Down Goes Sony's 'Spider-Man' Franchise

The Hollywood Reporter is surprise Sony bumped "The Amazing Spider-Man 3" a full two years, from 2016 to 2018, but they have to be in the minority. By charging ahead with the threequel of a dying franchise, Sony risked losing its shirt. Now it has 4 years to try and gin up interest or quietly snuff it entirely.

Sony has quietly snuffed high-profile franchises before. Ah-hem.

Sony will, however, release the "Spider-Man" spin-off "Sinister Six" in November of 2016. This is the studio's attempt to "universe" Spider-Man using the franchise's best-known villains: Electro, Doc Ock, etc. The studio probably hopes if "Sinister Six" is a smash people will want to see Spider-Man again.

My guess is that Sony's "The Amazing Spider-Man 2" actually lost money. With a production and advertising budget of $330 million and a worldwide gross of only $706 million, it is more likely than not. In general, a film has to make twice its budget to make a profit. Once you get overseas, though, especially China where a studio only recovers 25% of the gross, that formula goes out the window -- and not in a way that works to the studio's advantage. $500 million of that $700 million is overseas.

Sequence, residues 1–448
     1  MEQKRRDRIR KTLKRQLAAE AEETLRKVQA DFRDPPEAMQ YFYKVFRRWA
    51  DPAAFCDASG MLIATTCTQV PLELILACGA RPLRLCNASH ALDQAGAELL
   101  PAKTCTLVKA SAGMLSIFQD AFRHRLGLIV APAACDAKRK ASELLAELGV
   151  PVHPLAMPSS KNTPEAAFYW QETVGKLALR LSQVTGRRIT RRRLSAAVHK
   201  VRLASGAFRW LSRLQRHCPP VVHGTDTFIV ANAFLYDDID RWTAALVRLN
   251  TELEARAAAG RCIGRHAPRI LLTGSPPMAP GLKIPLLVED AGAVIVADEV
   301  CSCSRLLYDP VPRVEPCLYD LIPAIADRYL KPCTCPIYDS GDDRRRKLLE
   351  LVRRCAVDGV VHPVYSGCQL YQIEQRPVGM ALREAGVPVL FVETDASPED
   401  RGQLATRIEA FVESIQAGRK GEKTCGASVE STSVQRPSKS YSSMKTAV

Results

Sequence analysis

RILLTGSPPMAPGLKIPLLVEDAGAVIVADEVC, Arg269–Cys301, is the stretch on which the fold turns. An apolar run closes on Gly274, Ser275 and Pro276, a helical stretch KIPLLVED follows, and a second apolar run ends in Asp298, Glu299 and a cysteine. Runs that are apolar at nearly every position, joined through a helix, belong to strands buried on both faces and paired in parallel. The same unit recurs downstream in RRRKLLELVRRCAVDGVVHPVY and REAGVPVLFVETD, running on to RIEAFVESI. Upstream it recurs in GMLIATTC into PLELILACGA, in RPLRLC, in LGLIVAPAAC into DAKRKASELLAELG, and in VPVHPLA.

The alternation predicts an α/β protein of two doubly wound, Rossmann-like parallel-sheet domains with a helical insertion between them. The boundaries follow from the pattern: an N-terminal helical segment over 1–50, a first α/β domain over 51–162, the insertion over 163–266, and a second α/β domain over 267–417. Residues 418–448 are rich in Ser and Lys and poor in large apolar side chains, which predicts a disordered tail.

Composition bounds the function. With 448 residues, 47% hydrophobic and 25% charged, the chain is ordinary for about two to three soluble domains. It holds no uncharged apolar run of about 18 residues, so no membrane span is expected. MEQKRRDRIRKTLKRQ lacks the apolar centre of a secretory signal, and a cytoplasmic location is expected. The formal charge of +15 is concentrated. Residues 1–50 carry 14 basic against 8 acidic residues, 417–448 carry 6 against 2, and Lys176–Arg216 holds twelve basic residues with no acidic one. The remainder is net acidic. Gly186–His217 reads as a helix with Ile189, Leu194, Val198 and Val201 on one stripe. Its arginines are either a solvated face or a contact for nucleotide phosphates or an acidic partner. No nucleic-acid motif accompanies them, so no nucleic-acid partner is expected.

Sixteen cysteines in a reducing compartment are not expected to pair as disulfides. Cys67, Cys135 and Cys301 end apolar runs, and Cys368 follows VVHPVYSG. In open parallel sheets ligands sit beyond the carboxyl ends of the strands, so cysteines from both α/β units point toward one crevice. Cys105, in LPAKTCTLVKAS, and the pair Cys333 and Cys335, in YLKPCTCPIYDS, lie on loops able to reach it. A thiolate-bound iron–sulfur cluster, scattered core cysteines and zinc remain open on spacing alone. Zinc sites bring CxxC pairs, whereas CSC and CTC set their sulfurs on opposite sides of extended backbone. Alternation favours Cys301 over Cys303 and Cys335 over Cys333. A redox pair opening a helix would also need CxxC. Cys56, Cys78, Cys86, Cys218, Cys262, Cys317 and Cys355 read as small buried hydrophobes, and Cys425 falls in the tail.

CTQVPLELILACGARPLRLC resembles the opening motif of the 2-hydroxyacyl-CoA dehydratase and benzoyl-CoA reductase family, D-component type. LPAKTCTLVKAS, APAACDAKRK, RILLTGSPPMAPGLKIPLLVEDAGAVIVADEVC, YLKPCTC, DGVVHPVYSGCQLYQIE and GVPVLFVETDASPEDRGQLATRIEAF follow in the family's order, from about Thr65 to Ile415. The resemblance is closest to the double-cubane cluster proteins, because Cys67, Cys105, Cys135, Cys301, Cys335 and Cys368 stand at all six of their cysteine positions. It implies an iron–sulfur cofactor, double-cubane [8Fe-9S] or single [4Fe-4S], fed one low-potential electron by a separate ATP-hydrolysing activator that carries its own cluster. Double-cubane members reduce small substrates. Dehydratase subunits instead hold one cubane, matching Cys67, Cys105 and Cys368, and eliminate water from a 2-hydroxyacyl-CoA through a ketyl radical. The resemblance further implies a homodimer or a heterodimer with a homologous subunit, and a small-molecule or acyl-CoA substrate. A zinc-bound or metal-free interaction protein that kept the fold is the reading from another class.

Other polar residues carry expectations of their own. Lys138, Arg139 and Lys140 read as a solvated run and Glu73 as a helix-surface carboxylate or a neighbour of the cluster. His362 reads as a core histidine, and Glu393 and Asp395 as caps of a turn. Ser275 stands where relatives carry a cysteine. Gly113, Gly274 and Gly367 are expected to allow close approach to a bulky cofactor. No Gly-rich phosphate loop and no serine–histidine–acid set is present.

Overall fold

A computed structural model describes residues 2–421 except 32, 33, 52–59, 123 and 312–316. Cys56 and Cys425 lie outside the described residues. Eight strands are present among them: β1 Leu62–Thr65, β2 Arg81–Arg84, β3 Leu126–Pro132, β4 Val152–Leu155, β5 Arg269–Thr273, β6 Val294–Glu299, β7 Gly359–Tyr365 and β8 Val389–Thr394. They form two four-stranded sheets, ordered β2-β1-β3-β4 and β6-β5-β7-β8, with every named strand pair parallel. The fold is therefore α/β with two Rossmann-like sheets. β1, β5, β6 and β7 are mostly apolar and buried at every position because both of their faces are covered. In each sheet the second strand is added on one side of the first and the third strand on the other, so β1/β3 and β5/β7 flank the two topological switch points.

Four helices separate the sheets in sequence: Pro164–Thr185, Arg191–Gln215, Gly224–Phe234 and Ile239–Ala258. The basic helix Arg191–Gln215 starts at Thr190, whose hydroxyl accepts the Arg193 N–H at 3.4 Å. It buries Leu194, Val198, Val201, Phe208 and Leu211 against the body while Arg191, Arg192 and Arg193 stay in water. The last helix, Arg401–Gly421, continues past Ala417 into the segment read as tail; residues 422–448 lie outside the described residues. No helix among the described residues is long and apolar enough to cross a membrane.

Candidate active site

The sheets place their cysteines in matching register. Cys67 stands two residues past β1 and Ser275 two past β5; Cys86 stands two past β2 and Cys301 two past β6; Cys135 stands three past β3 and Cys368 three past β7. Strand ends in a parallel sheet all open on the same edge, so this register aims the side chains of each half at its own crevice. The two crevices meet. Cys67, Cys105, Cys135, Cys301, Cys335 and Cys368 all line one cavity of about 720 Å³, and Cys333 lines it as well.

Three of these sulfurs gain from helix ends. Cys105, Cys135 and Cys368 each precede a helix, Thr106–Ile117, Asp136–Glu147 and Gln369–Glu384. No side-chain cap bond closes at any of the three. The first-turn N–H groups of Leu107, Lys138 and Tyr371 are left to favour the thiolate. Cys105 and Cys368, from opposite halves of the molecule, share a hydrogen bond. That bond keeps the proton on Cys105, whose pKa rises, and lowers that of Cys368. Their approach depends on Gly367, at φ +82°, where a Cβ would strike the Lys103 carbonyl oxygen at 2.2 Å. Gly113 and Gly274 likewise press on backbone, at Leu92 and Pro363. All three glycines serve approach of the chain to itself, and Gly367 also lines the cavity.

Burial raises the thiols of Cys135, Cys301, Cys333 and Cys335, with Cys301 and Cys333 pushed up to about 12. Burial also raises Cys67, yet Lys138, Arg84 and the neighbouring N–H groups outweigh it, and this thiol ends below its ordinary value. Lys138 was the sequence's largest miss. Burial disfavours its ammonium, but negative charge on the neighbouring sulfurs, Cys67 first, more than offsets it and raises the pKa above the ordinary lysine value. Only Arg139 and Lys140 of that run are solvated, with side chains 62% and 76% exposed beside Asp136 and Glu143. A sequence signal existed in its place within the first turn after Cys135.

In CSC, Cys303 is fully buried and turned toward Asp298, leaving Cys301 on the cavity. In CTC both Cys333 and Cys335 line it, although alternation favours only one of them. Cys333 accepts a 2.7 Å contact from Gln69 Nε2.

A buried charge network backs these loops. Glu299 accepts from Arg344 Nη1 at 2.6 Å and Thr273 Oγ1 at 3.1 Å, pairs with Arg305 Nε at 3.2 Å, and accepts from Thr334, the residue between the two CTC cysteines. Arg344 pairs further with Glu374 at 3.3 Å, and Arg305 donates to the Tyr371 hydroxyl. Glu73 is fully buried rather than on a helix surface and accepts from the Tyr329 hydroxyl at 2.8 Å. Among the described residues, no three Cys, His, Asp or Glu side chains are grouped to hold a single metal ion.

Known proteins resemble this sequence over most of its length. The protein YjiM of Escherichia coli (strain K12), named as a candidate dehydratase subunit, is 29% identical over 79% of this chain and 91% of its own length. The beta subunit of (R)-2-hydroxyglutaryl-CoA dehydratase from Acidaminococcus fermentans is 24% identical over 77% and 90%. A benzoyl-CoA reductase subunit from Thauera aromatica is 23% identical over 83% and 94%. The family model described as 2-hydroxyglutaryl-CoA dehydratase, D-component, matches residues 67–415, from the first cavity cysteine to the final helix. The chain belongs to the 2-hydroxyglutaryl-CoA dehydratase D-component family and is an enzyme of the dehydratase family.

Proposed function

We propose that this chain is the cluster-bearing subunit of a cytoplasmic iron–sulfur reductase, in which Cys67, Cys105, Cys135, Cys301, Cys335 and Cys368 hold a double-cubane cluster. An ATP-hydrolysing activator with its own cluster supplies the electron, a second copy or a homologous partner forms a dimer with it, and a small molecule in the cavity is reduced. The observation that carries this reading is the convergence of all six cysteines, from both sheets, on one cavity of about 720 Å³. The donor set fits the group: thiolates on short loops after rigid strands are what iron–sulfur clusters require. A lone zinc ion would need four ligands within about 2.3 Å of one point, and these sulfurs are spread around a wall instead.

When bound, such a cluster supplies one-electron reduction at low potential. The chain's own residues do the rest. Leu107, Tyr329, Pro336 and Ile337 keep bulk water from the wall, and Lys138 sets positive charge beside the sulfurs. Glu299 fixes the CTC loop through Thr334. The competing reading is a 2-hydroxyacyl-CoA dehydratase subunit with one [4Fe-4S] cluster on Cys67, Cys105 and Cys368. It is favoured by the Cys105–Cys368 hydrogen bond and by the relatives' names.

In the old days, home video sales would make up the shortfall, but these aren’t the old days. This is 2014 where not-very-good movies are geared towards teenage boys who consider movies as disposable and forgettable as an empty beer can. Why buy "The Amazing Spider-Man 2" on Bluray when-- oh, look the new "Avengers 2" teaser trailer!

How bad did "Amazing 2" perform? Domestically the sequel made $60 million less than its predecessor and a whopping $130 million less than Sam Raimi's "Spider-Man 3." Worldwide it made $50 million less than its predecessor and almost $200 million less than "Spider-Man 3."

All Hollywood's got left are teens. Everyone else has been alienated. But the only thing that draws teens are these $350 million all-in bets. When those stop paying off, the film business is no more.

Potentially being the Joel Schumacher of the "Spider-Man" franchise has to be tough on director Marc Webb, but he now has two years to try something else before "Amazing 3" goes into pre-production (if it does). The man behind "500 Days of Summer," one of the few decent indie films of the last 15 years, can surely get out from under the CGI'd bloat and dazzle us again.

 

 

Follow  John Nolte on Twitter @NolteNC              


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